Far more studies have operationalized racial composition in a more limited way – as reflective of the percentage black in a community. As with racial heterogeneity, findings from this literature indicate that this measure of racial composition is associated with crime rates across communities. In their recent review of the neighborhood literature on race and crime, Peterson and Krivo (2010) conclude, “Rates of crime are higher in local areas where African Americans are more heavily concentrated and, conversely, lower where African Americans are constitute a smaller portion of the residents, whether in Atlanta, Baton Rouge, Chicago, Cleveland, Columbus, New York, Philadelphia, or Seattle” (p. 14; see this discussion for a list of relevant studies in this area). Peterson and Krivo note that often the differentials in crime across communities of different racial composition are quite stark. For example, McNulty’s (2001) study of block groups in Atlanta reveals that murder rates were a startling six times higher in predominantly black neighborhoods than in predominantly white neighborhoods, while rape and robbery rates in African American areas were over three times those in white areas and aggravated assaults were about twice as common in the former than the latter.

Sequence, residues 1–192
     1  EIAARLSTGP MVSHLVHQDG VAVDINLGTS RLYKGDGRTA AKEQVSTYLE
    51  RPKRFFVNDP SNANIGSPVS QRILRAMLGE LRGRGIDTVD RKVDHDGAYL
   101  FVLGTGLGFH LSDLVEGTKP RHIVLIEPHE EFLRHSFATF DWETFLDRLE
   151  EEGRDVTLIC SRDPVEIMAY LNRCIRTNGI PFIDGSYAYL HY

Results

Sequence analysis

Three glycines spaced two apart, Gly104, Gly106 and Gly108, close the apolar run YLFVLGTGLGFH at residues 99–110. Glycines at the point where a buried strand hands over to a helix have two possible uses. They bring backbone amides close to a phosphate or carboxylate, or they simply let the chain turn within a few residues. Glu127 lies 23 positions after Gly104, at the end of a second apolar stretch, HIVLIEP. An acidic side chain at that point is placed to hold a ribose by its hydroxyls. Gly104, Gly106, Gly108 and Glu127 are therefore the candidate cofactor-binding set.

As this (admittedly brief and incomplete) overview of studies on crime and the racial composition of communities reveals, race, place, and crime are inextricably linked in the United States. What accounts for this linkage and what mechanisms underlie these relationships? In the remainder of this research paper, I discuss three theoretical approaches – social disorganization, labor-market stratification, and cultural/subcultural explanations – that attempt to account for the racial composition-crime connection across neighborhoods.